The health and well being of Aboriginal Australians is well recognised to be worse than non-Aboriginal Australians. These health disparities have been shown to commence during pregnancy, are present in childhood and continue throughout life.
Elizabeth Comino, Vana Webster
The health and well being of Aboriginal Australians is well recognised to be worse than non-Aboriginal Australians. These health disparities have been shown to commence during pregnancy, are present in childhood and continue throughout life. Indigenous people are generally less healthy than other Australians, die at much younger ages, have more disability and a lower quality of life. Inequality in terms of access to, and utilisation of health services is often seen as one of the many causes of such disparity for Aboriginal Australian’s, particularly in infanthood.
This study aims to indentify and compare rates of access to a NSW health mandated Universal Health Home Visit (UHHV) within the first two weeks of life by Aboriginal and non-Aboriginal infants born at an urban NSW hospital. The study also seeks to identify risk factors for receiving a UHHV and determines if receiving a UHHV within two weeks influences subsequent health service utilisation over time.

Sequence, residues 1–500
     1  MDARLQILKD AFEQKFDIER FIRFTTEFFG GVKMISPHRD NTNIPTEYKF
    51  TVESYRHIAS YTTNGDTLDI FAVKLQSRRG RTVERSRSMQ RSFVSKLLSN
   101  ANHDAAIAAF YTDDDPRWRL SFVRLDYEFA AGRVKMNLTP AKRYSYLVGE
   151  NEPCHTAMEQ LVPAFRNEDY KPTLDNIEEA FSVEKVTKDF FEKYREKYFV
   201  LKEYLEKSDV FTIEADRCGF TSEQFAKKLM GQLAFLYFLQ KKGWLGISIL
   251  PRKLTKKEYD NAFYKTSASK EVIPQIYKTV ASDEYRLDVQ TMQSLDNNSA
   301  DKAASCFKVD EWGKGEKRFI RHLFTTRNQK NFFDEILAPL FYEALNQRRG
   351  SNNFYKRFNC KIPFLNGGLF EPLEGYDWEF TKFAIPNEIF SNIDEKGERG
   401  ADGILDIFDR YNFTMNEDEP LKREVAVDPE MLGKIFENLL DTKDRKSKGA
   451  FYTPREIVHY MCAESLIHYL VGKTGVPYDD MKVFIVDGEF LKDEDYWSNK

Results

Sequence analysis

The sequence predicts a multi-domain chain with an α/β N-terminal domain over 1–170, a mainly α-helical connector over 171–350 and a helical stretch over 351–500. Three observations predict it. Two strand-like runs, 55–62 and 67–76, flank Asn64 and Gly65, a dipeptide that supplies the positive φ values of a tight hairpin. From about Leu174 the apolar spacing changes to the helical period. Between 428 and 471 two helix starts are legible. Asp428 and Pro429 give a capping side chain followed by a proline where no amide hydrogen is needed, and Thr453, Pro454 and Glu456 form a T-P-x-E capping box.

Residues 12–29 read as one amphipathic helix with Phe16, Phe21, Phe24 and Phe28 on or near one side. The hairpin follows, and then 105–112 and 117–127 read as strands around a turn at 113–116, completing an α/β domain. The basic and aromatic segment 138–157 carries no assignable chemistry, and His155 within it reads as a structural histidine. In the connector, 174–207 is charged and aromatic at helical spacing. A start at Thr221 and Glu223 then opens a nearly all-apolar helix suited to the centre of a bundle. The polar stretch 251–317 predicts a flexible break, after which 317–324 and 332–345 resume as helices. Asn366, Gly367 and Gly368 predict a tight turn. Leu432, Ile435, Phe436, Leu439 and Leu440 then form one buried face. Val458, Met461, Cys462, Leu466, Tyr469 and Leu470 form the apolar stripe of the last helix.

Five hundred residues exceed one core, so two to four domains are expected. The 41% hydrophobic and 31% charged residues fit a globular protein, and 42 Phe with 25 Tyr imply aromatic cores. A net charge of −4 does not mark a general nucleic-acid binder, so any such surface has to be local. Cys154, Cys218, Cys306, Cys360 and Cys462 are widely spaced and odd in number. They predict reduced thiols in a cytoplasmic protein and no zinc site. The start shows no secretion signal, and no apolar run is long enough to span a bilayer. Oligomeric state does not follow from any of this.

A Descriptive audit of child and family records has been performed along with a case-control study to compare data of Aboriginal and non-Aboriginal infants and their mothers. This study has drawn 175 Aboriginal infants from an original recruitment study of 2108 mothers involved in a ward survey of those delivering a baby at an urban hospital in the south west of Sydney NSW, over an 18 month period. Aboriginal infants have been randomly matched with non-Aboriginal infants by gender and date of birth. Seven cases were removed for living outside of the Health Service region. This produced a cohort of 527 cases, with 175 Aboriginal infants identified from either parent being Aboriginal.
John Widdup Email: email@example.com